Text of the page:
Google typically rolls out changes to its design language every couple years, but many of the company's apps still take months, if not years to catch up. The wireframe style icons that started popping up in 2018 have become fairly ubiquitous, but there are still a few notable holdouts. Android Auto would have been counted among them, but it looks like a new set of icons has been silently swapped in for the Google Maps navigation interface.
Android Auto is a great way to play media, take phone calls, and get directions more safely than just using your phone while moving. Unfortunately, many of us are still driving vehicles that don't offer a built-in AA option. However, there are still ways to get Android Auto in your car, and installing a new head unit. Sony just announced plans to release a new model with support for Android Auto and Apple CarPlay, Weblink capabilities, and a 6.95" capacitive screen.
This story was originally published and last updated .
Android Auto is in just about every new car and truck on the market today, but it has been absent from motorcycles — until now. Harley-Davidson announced that it is updating the 'Boom! Box GTS' infotainment system present on some of its motorcycles to support Android Auto.
Android Auto saw some big changes last summer, including removal of the Google Feed-inspired home screen and the addition of semi-persistent audio controls in the navigation bar. While most of the changes were welcomed, a few things were lost in the transition. Complaints have been stacking up over the sacrifice of calendar integration, or more specifically, that there are no appointment reminders or a convenient way to kickstart navigation to the places you need to go.
Some cars and head units are capable of displaying Android Auto from your phone wirelessly, but there are additional restrictions to the functionality — other than owning a compatible handset, you also need to live in one of the regions where the wireless connection is available. Luckily, the list of supported countries is expanding, and now you can use wireless Android Auto in almost all locations where the wired version is available, with only two exceptions: Japan and Russia.
Polestar, the performance-focused subsidiary of Volvo, introduced its latest concept vehicle at this year's Geneva Motor Show. The Polestar Precept is an all-electric sedan designed to showcase the company's "next-generation HMI" (human-machine interface) powered by Android Automotive and the extensive use of sustainable materials in its design.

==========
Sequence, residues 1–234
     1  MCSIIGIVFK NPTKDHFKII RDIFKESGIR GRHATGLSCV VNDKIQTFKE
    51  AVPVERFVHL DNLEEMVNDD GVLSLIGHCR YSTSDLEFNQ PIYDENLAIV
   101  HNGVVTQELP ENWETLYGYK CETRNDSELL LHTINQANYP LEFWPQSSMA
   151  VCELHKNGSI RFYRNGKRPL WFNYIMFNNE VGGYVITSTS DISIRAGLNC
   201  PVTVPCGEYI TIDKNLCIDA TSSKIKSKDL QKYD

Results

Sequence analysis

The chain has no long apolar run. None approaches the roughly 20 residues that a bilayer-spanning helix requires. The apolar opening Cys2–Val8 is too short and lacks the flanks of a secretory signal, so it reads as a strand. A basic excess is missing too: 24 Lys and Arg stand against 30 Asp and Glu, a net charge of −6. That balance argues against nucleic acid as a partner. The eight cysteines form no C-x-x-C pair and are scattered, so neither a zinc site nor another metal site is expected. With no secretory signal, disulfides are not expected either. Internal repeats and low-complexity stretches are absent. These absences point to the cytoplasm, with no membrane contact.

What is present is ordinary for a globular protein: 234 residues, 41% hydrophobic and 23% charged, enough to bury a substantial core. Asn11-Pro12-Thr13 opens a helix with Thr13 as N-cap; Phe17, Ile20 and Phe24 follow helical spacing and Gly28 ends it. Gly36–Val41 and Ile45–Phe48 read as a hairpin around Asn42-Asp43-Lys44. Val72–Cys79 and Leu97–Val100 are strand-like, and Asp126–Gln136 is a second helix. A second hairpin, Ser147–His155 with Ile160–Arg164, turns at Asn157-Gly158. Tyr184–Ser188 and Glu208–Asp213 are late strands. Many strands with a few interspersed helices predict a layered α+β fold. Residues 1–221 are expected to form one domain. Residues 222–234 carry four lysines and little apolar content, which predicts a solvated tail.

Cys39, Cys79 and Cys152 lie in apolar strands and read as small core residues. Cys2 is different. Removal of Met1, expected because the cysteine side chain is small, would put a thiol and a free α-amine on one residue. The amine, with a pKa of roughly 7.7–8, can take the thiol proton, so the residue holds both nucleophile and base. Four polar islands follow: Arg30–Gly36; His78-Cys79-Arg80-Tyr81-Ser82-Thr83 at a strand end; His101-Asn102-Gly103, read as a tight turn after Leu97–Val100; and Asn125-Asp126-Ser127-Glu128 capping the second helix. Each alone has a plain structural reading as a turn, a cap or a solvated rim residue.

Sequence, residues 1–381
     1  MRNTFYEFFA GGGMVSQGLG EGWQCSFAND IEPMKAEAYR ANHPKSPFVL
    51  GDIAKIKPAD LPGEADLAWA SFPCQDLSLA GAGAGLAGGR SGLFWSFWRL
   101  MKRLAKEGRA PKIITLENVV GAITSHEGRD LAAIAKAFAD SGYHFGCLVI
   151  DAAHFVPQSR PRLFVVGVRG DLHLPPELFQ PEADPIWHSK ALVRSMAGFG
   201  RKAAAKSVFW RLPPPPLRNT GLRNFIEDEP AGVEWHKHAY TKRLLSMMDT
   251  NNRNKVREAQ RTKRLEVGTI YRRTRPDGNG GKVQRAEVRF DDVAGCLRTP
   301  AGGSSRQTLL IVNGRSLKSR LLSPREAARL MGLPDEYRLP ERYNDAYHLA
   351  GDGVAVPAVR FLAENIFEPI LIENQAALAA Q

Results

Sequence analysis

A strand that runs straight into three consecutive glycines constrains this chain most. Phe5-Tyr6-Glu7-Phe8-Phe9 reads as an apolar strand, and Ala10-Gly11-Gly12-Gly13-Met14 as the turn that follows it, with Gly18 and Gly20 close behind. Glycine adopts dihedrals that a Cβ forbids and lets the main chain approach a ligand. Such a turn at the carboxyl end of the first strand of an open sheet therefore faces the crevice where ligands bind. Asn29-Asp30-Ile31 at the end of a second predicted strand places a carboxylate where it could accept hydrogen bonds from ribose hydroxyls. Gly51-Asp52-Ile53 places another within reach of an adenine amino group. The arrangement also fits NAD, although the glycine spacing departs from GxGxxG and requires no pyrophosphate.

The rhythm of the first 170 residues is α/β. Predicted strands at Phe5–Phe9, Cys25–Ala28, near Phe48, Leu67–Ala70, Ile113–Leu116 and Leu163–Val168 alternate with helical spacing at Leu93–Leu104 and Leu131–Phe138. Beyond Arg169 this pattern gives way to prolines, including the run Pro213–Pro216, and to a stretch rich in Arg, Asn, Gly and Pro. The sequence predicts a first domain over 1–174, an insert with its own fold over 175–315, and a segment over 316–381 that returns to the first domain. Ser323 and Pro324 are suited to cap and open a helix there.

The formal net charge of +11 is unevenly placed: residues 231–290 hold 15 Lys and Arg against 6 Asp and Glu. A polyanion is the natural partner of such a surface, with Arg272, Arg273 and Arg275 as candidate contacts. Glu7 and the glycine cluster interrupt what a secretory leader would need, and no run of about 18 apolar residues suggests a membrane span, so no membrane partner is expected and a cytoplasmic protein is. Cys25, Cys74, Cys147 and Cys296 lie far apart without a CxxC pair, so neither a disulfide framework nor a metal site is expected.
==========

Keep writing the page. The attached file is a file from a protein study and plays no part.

The Precept name is particularly fitting considering the word's denotation as an example intended to set a standard going forward and the company's plans to move forward with sustainability and innovation as core values. While this particular vehicle may never make it to production, Polestar wants to embody these values in its future products.
Google promised over a year ago that the wireless version of Android Auto would work out-of-the-box on any Android 9.0+ phone, but that hasn't quite panned out. The only devices that have been able to use it are Google's own Pixel devices (plus the Nexus 5X and 6P), but that finally appears to be changing.
Back in November, Android Auto gained a cool little readout of the local temperature. It was visible on all screens and could be turned on or off in the settings screen on your phone. While it's hard to knock an addition like this, many people took issue with the fact that the setting to toggle this display was titled "Weather" when it was technically just the temperature. Rather than accept defeat and change the name of the setting, the Auto team chose instead to actually give us the weather.
Android Auto is designed to limit distractions, so it won't ping you with every notification on your phone. It can still be enough to get annoying, though. Google is finally addressing that with the option to silence notifications in Android Auto.